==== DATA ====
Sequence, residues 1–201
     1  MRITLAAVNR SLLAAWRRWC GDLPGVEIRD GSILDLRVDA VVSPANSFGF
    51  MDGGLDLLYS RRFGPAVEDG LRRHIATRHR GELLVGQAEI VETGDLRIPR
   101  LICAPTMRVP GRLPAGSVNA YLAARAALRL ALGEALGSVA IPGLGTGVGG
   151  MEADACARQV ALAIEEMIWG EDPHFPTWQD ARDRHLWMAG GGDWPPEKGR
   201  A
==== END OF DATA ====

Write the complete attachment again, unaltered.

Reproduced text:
Sequence, residues 1–201
     1  MRITLAAVNR SLLAAWRRWC GDLPGVEIRD GSILDLRVDA VVSPANSFGF
    51  MDGGLDLLYS RRFGPAVEDG LRRHIATRHR GELLVGQAEI VETGDLRIPR
   101  LICAPTMRVP GRLPAGSVNA YLAARAALRL ALGEALGSVA IPGLGTGVGG
   151  MEADACARQV ALAIEEMIWG EDPHFPTWQD ARDRHLWMAG GGDWPPEKGR
   201  A